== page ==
Imelda Marcos’ Jewelry to Be Auctioned



The collection is estimated to be worth $21 million

The Philippine government has approved the auction of the jewelry collection of Imelda Marcos, the widow of dictator Ferdinand Marcos.

The jewelry has been in the government’s possession since 1986, when the Marcoses fled the Philippines after a revolt. Some pieces were recovered from the presidential palace, some were seized by customs officials at the Manila airport, and some were seized by the U.S. Bureau of Customs when the Marcoses arrived in Hawaii.

Christie’s and Sotheby’s have appraised the collection, which is estimated to be worth $21 million. It was last appraised in 1988 and 1991 and estimated to be worth $5 million–$7 million.

The collection includes pieces by Bulgari, Van Cleef & Arpels, and Buccellati; watches by Patek Philippe, Rolex, and Cartier; and a 25-carat, barrel-shape diamond estimated to be worth least $5 million (pictured above).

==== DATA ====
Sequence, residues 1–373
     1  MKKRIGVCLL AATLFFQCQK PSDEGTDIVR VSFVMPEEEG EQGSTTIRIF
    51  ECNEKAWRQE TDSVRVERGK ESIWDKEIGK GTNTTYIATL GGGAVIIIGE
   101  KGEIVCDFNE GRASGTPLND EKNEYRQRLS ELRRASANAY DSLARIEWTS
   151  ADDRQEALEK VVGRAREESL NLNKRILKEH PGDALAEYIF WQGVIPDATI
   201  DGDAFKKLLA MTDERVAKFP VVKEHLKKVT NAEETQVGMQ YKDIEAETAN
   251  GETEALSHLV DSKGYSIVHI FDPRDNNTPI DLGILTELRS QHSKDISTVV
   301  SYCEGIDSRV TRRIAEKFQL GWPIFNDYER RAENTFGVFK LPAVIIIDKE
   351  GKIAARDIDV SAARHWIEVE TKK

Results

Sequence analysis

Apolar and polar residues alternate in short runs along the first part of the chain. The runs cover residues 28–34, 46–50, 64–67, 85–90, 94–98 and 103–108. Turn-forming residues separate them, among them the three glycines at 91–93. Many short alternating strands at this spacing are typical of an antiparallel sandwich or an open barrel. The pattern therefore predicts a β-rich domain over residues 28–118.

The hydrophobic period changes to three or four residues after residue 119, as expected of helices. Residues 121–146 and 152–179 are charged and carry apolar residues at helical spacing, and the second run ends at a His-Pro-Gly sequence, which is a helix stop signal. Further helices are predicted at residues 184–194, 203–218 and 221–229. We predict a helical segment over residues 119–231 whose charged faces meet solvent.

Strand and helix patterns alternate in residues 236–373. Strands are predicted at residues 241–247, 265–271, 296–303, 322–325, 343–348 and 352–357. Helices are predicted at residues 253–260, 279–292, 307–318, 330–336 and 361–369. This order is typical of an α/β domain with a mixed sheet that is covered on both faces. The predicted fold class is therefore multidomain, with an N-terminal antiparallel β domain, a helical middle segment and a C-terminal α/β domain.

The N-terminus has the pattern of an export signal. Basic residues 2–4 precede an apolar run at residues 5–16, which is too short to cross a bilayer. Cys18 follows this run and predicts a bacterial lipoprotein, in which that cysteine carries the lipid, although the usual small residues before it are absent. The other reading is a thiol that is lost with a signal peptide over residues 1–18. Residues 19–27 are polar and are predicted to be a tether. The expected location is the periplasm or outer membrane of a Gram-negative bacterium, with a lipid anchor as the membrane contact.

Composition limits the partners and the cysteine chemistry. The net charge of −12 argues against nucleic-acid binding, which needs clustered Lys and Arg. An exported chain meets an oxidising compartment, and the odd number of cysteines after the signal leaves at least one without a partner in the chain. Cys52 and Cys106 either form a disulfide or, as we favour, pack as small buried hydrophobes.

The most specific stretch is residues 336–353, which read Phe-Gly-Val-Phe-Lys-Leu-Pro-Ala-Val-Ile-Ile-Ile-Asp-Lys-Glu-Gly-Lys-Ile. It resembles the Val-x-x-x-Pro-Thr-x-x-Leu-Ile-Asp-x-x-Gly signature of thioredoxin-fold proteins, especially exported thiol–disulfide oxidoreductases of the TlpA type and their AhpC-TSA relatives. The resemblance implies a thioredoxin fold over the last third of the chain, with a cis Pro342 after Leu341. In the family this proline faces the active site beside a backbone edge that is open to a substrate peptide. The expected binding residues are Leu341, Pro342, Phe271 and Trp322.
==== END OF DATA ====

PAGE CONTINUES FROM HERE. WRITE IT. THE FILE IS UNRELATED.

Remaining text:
“We hope that the Filipino people will finally benefit from the proceeds of the collection,” said Presidential Commission on Good Government (PCGG) chairman Richard Amurao in a statement. “The jewelry confiscated from the Marcoses remain a singular manifestation of the misguided priorities of the Marcos presidency during his reign.”

A portion of the collection will be exhibited prior to the international auction. Details of the exhibition and the auction were not disclosed, though the statement from the PCGG said that details on both would be forthcoming.

“It has been long desired by the PCGG to put the jewelry collection on public display to inform the Filipino people of the excesses of the Marcos dictatorship,” said Amurao.  

(Screenshot courtesy of GMA News)